The turbo developed excessive boost without a wastegate during initial testing. I would see up to 20psi boost on the gauge (with severe detonation) for short time before I backed off throttle. Once boost hits about 10psi things get real exciting and happen fast. Incredible rush of power but with severe detonation at higher boost levels. This was really an unusable system without boost control. So much for the "theory" of sizing the turbo to the motor and using intake and exhaust restriction to control boost (bad idea). I bought an external wastegate from a junkyard turbo Audi 5000 for and plumbed it into my turbine connector pipe. The Audi external wastegate is well made and is similar design to the aftermarket wastegates used on high output import drag race motors. External wastegates are said to do a better job of preventing boost creep than internal bypass wastegates but are more hassle to plumb into the exhaust pipe. The wastegate works great to regulate the boost. I started by running at the stock Audi boost level (7 PSI) but later modified for increased adjustable boost control.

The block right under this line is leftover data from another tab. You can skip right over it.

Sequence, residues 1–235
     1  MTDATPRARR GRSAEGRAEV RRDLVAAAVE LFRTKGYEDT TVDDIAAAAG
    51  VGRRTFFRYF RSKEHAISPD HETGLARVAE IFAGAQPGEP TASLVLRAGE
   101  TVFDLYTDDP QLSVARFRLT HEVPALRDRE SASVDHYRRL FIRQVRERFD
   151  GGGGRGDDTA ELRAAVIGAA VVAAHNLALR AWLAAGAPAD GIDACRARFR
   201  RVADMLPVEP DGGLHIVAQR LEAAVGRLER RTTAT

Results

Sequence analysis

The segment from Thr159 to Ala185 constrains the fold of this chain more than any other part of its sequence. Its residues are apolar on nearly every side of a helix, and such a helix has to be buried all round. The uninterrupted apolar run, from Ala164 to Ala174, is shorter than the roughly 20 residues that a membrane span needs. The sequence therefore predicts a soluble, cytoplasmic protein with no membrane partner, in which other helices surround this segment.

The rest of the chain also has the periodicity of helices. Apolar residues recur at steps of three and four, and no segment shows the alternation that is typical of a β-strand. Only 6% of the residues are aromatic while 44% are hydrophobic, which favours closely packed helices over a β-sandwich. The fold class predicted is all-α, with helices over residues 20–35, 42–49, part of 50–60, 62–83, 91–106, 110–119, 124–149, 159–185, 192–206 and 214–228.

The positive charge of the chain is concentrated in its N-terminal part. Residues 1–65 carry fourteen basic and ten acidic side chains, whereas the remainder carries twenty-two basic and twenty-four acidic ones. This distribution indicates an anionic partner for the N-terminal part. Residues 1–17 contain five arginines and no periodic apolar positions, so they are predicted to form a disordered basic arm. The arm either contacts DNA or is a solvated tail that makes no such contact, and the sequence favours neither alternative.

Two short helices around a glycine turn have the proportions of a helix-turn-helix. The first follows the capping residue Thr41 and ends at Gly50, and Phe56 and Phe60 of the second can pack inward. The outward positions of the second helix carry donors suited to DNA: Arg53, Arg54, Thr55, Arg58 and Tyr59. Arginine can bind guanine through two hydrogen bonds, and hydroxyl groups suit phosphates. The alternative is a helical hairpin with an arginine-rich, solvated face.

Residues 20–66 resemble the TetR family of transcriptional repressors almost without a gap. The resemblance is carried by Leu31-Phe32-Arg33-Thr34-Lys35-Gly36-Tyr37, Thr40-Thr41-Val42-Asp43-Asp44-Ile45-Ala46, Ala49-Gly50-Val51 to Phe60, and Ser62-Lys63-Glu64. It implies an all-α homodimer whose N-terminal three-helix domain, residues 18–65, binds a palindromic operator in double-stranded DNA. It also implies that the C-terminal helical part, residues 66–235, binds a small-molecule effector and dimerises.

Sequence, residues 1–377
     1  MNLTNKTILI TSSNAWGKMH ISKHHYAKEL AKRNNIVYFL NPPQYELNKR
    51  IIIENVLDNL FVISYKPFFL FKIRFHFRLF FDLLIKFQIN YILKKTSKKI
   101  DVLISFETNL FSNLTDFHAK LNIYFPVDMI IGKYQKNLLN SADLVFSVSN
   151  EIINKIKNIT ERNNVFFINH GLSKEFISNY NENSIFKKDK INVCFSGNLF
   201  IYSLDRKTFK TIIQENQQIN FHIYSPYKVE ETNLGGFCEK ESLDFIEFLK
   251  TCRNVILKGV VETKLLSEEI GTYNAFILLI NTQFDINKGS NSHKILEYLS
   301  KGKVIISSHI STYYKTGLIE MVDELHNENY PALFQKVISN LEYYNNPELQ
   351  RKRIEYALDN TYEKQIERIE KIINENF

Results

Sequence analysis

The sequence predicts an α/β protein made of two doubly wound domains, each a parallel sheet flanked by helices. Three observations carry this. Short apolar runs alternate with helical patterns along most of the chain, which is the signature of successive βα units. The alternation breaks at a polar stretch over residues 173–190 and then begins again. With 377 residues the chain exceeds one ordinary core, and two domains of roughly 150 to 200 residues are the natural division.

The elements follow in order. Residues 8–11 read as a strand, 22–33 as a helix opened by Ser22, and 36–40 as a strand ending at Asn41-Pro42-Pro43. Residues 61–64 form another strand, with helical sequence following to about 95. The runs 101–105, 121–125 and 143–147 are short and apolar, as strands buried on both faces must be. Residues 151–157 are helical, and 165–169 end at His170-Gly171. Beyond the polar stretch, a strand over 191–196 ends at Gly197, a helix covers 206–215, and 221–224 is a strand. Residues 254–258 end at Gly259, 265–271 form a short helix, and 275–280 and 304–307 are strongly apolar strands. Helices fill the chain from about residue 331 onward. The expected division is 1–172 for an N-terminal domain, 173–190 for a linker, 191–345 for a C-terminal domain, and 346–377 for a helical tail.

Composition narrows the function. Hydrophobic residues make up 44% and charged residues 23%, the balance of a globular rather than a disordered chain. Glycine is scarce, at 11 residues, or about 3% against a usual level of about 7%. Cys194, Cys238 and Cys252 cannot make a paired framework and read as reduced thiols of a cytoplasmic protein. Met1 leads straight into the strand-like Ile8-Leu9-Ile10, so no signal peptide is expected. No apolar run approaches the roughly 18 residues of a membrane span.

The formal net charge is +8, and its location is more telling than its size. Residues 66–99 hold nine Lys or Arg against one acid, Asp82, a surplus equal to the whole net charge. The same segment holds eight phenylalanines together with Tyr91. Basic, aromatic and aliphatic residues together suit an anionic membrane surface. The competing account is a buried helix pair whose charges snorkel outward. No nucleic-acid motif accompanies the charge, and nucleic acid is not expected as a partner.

I modified a distributor vacuum advance canister for boost controlled ignition spark timing retard. On the back of the stock L20B Electronic Ignition vacuum canister is a round shaft that pushes into dizzy to hold the canister in place (the actuating rod passes through center of this tube). Find a spring with ID slightly larger than the OD of the attaching tube. The spring I used has wire diameter of 1.5mm, 21mm coil outside diameter, 5.5mm spacing between coils. Drill a 1/8" hole in the backside of the canister next to the attaching tube and you can then thread the spring into the canister from the backside. Just start the end of the spring and wind it into the canister like threading in a screw. You then have a spring on each side of the canister opposing each other. (see picture below) The diaphragm will assume a neutral position at atmospheric pressure, advance under vacuum and retard spark under boost. I wound 3.5 coils of the spring into the backside of the canister. You also have the ability to adjust pre-load on the vacuum side spring with the adjustment screw under the putty blob. The outer adjustment screw ads pre-load, the inner screw limits travel and should be cut shorter so that full range of canister travel is available. The outer screw allows some adjustment of the amount of boost retard once the spring is inside the canister. Using a mity-vac hand pump and vacuum/pressure gauge, I set up my canister to advance 17� under 15 in-Hg vacuum and retard spark by 8� at 5 PSI boost. For each 1mm of travel of the vacuum canister actuating rod, the timing is changed by 4.24 crankshaft degrees. After the adjustment is set, re-seal the threads of the adjustment screw with hardening gasket compound. Before the boost retard modification, I had detonation problems even at 7psi. I first tried 6 degrees boost retard (36 deg-6deg= 30 degrees max advance under boost). 6 degrees was not enough to eliminate all detonation. 8 degrees retard needed to eliminate the detonation.